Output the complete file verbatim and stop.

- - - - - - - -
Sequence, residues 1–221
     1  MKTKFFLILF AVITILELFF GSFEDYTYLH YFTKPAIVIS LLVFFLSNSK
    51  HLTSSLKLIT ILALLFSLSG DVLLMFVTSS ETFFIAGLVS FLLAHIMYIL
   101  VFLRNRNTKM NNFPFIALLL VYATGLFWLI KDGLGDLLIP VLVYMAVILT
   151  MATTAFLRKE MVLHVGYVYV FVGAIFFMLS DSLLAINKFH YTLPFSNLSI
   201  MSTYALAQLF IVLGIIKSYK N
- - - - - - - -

Sequence, residues 1–221
     1  MKTKFFLILF AVITILELFF GSFEDYTYLH YFTKPAIVIS LLVFFLSNSK
    51  HLTSSLKLIT ILALLFSLSG DVLLMFVTSS ETFFIAGLVS FLLAHIMYIL
   101  VFLRNRNTKM NNFPFIALLL VYATGLFWLI KDGLGDLLIP VLVYMAVILT
   151  MATTAFLRKE MVLHVGYVYV FVGAIFFMLS DSLLAINKFH YTLPFSNLSI
   201  MSTYALAQLF IVLGIIKSYK N